“Agencies are able to place an employee on administrative leave simply to avoid addressing an uncomfortable—or potentially even unjustifiable—personnel action,” the report concludes. “Maintaining this status quo serves neither the taxpayer nor the employee.”
Grassley has worked for more than a year to highlight the practice of extended paid leave, whose widespread use was disclosed for the first time by the Government Accountability Office in October 2014. The GAO audit, first made public by The Washington Post, found that 53,000 civilian employees were kept home for one to three months during the three fiscal years that ended in September 2013. About 4,000 of them were idled for three months to a year and several hundred for one to three years, at a cost to taxpayers of more than $700 million.
Some high-profile federal employees have languished on paid leave. There was Paul Brachfeld, the former inspector general for the National Archives and Records Administration, who was banned from coming to work for almost two years, but paid his senior executive salary, during an investigation of alleged misconduct (he eventually retired).
There was Lois Lerner, the Internal Revenue Service official at the center of a controversy of the agency’s treatment of groups seeking tax-exempt status, who was on paid leave for four months after she refused to resign (she also retired).
And dozens of whistleblowers at the Department of Veterans Affairs who reported covered-up patient wait times were sent home after facing retaliation, cases VA officials are still trying to resolve through negotiated settlements.
In June, the Obama administration urged agencies in June to curtail their reliance on administrative leave. But Grassley and his Senate colleagues say the system needs stronger, legislative fixes. Grassley and Sen. Jon Tester (D-Mont.) plan to introduce a bill in the coming weeks that would crack down on abuses of paid leave, allowing federal agencies to send an employee home only in rare circumstances, when they physically endanger themselves or someone else.
The bill also would ensure that paid leave is tracked and recorded by agencies and prevent its use as a means of retaliation against whistleblowers, aides said.
Paid leave is supposed to be used only in rare circumstances when an employee poses a physical threat in the workplace. Comptroller generals have issued numerous rulings over many years saying that federal workers should not be sidelined for long periods for any reason because of the burden on both taxpayers and the employees, who have no right to appeal paid leave.
Grassley wanted explanations for why so many employees are paid not to work for such long stretches. Eighteen agencies, from VA to Housing and Urban Development, responded to his request for details, but with a lot less detail than the senator asked for, he said.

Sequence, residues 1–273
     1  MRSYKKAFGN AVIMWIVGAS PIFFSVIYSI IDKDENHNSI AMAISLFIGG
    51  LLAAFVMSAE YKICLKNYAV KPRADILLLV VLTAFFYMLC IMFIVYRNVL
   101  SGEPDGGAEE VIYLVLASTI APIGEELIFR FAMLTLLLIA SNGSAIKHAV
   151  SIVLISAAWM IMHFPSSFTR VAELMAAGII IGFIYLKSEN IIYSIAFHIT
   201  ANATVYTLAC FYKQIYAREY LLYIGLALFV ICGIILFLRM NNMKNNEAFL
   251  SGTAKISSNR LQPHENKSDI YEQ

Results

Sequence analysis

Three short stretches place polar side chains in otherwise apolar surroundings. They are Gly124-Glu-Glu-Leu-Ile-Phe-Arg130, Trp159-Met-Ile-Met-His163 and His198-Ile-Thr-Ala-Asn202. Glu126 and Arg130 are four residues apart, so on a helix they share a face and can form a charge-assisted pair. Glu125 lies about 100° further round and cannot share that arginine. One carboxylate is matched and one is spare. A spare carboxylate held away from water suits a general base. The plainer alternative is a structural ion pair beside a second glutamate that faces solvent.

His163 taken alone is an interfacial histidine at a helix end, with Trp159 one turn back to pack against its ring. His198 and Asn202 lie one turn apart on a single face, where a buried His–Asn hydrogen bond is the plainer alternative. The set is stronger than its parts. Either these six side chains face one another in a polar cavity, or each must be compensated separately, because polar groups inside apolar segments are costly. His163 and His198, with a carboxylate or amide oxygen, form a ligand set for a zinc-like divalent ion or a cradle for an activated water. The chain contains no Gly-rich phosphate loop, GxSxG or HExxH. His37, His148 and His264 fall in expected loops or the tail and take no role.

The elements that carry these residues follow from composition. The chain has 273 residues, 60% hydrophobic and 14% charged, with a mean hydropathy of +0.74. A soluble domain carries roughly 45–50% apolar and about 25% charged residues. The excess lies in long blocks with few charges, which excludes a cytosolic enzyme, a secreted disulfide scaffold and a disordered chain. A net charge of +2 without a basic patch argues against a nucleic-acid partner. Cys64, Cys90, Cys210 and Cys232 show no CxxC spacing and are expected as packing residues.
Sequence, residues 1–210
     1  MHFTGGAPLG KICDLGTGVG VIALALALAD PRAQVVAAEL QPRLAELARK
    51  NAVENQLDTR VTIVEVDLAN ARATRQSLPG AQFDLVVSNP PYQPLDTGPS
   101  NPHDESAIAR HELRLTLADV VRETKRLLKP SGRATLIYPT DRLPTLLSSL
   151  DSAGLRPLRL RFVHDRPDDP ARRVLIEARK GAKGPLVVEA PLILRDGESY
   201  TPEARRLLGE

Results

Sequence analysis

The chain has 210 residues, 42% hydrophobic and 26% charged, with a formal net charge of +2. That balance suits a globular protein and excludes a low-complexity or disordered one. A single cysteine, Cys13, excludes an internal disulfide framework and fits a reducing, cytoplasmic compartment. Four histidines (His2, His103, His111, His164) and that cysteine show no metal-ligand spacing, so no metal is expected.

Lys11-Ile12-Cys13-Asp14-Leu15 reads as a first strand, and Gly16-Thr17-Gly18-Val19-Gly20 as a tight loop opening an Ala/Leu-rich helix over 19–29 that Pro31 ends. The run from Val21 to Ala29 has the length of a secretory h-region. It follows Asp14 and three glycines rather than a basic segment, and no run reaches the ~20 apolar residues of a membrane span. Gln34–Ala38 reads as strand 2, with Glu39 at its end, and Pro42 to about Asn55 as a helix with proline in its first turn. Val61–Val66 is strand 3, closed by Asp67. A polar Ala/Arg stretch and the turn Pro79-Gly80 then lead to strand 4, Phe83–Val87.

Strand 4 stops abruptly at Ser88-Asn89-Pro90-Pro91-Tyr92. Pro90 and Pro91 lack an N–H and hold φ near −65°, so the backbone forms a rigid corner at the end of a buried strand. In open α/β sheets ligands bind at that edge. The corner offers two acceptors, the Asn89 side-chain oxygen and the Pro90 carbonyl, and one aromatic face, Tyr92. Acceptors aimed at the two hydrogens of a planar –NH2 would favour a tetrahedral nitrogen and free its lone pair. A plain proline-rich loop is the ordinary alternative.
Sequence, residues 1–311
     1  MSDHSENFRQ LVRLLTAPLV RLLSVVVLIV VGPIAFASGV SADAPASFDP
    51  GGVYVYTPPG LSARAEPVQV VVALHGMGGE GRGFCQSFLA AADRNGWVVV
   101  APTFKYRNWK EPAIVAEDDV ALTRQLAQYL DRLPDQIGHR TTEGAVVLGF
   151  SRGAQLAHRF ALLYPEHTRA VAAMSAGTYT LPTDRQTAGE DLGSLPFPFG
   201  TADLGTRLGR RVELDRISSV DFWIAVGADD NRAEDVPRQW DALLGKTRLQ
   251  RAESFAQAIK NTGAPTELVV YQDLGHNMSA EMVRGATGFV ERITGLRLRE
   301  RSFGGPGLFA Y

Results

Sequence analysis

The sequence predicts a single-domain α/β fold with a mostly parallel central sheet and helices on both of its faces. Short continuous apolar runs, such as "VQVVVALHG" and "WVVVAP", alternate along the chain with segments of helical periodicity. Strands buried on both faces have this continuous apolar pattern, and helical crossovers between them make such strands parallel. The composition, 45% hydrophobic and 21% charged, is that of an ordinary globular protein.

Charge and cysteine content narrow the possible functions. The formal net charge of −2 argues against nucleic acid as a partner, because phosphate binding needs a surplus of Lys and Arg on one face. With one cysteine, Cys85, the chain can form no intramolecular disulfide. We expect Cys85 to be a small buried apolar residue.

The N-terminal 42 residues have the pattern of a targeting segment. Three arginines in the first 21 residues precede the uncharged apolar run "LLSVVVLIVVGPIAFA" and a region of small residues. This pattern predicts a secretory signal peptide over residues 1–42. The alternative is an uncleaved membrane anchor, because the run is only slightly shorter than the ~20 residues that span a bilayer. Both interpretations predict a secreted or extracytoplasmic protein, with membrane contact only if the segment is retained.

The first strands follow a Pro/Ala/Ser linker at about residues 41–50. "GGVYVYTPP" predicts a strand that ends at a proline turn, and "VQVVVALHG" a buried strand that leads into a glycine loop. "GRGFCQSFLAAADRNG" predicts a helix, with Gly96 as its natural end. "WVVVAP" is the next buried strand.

The State Department, for example, does not report administrative leave to the Office of Personnel Management. The Defense Department did not offer a response, Grassley said. And other agencies provided only vague explanations for why they paid employees not to work for periods that stretch to two and three years, the report said. The result is that it’s hard to know if some uses are warranted or not.
“We found that agencies appear to be using administrative leave as a way to place employees in a catch-all limbo status rather than address personnel problems expeditiously,” the report found. “With no clear standard, agencies’ use of paid administrative leave is largely unchecked and ripe for abuse.”
Supervisors use wide discretion in putting employees on leave, including for alleged violations of government rules and laws, whistleblowing, doubts about trustworthiness and disputes with colleagues or bosses. Some employees remain on paid leave while they challenge demotions and other punishments.
Of the $80.6 million paid out last year, the Department of Homeland Security, the government’s third-largest agency, spent almost $1.8 million to keep 88 employees on paid leave. Four were sidelined for some three years or more, and another 17 for two years or more. Of the 88, 53 faced misconduct charges, 13 had issues with security clearances and the agency had questions about the fitness for duty of another 22, according to data DHS provided to the senator.
Another 2,500 employees at the Veterans Affairs were placed on paid leave for at least a month last year, and the agency acknowledges it didn’t track the details and why they were sent home.
The total tab in salary alone for these absences — ranging from 30 days to more than a year for 46 employees — came to $23 million, according to the Judiciary Committee.